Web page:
January 03, 2016
Marion Nestle talks about how Big Soda is under attack from communities and people who are tired of obesity, diabetes and bad science.
The ingredients in soda are simple: carbonated water, high-fructose corn syrup and sucrose, caramel color, phosphoric and citric acids, caffeine, and natural flavors. The ingredients may be simple, but their impact is profound.
Selling this flavored sugar water has turned The Coca-Cola Co., PepsiCo Inc. and Dr Pepper Snapple Group Inc. into multi-billion-dollar companies. As Marion Nestle points out in her exhaustively researched 500-page book “Soda Politics: Taking on Big Soda (and Winning),” the reach of these companies is global. They spend millions to influence health science, drive public policy and affect legislation.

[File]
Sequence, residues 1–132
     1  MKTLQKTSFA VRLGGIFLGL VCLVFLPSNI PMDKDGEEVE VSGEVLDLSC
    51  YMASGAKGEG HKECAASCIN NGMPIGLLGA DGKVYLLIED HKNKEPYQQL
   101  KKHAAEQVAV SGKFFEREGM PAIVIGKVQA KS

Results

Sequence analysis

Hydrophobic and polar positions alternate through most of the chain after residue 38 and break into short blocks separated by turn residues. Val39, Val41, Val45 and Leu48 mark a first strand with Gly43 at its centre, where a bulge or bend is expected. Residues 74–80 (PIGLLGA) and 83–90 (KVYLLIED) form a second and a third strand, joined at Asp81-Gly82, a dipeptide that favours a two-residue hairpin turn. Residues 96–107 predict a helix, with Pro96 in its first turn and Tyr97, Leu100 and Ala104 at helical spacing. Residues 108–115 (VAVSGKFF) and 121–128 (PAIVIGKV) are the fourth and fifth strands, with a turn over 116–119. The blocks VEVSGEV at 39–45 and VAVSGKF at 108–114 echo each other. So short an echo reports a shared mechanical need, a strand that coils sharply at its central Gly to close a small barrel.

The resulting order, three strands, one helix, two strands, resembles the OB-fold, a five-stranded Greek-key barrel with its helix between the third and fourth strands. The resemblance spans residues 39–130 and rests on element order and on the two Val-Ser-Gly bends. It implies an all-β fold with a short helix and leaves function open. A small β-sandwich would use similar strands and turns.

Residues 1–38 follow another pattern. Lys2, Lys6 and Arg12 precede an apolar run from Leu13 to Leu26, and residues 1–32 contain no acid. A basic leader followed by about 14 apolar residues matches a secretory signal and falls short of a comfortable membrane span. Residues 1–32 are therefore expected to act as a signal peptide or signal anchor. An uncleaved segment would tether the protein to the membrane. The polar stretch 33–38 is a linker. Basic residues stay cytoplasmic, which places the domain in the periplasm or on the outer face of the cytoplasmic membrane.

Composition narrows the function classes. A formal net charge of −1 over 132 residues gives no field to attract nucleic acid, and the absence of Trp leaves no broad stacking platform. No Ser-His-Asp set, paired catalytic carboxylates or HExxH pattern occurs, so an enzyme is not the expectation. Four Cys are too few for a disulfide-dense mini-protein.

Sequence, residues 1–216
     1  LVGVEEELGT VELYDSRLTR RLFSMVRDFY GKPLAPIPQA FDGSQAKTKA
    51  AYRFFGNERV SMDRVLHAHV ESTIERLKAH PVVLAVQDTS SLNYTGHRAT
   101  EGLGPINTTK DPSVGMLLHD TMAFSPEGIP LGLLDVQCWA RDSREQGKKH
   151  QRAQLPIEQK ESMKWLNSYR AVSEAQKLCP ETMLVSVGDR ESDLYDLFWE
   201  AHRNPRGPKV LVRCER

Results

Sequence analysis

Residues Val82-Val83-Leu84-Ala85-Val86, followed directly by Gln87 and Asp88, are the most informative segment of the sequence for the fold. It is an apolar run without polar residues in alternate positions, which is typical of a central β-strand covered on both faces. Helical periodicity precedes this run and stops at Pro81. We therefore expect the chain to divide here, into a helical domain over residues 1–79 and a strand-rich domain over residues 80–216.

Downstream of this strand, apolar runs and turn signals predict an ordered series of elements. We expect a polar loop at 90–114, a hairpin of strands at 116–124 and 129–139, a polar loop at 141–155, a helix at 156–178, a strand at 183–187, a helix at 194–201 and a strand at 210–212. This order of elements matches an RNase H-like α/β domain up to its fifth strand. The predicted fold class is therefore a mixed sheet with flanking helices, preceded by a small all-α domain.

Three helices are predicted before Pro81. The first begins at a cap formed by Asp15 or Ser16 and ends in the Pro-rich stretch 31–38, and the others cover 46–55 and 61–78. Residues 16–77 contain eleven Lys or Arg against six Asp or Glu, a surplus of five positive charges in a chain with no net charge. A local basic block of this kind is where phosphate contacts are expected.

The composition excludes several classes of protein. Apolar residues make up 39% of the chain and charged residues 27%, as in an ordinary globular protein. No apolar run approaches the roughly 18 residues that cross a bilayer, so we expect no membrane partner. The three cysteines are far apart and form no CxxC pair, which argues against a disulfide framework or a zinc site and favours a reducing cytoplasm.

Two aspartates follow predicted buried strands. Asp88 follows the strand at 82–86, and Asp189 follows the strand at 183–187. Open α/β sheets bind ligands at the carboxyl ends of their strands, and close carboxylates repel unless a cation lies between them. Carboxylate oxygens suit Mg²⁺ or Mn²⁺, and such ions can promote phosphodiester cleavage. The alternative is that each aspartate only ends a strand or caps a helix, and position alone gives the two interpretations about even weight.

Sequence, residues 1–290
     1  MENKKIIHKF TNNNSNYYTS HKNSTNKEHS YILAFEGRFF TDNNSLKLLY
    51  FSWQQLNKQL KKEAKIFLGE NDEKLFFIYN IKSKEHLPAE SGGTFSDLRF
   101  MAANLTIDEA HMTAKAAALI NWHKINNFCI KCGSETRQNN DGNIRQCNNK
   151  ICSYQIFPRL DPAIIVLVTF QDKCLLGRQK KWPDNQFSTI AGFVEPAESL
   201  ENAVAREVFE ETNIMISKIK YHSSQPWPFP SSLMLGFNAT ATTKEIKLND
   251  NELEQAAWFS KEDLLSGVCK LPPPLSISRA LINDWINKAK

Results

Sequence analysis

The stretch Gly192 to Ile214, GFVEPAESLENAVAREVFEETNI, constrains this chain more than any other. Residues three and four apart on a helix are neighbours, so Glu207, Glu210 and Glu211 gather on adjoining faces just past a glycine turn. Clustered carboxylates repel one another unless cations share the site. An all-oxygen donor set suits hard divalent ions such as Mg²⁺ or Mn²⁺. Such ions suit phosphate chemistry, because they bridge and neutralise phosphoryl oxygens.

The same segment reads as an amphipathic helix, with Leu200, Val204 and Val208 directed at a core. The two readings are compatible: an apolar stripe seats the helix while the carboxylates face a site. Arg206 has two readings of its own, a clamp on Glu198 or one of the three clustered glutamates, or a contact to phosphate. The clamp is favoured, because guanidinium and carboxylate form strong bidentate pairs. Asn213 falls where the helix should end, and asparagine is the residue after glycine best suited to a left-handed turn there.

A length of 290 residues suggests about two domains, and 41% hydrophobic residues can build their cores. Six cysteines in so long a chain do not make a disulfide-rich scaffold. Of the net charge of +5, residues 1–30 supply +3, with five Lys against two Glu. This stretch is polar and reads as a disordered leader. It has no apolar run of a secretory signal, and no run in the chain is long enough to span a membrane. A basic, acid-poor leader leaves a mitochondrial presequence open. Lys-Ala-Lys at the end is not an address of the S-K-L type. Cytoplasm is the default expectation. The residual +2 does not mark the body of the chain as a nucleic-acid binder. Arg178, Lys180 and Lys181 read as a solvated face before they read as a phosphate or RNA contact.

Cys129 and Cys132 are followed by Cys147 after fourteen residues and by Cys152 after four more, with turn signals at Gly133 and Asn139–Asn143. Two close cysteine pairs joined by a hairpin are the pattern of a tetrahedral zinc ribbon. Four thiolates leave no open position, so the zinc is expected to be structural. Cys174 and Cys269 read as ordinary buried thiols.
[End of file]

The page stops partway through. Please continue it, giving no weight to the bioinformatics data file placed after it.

For decades, most of Big Soda’s dealings were unseen by the public. Then in August 2015, The New York Times revealed that Coca-Cola funded the Global Energy Balance Network (GEBN), a nonprofit organization dedicated to promoting the idea that the obesity epidemic can be pinned on a lack of exercise, not poor nutrition. The reaction to these revelations, especially from those involved in public health, was swift and negative.
The GEBN incident was perhaps the most prominent example of Big Soda’s influence on health science, but it’s far from the only one. “Soda Politics” shows how beverage companies work to influence governments, science and people, and in this interview Nestle details what she uncovered in the three years she spent writing the book.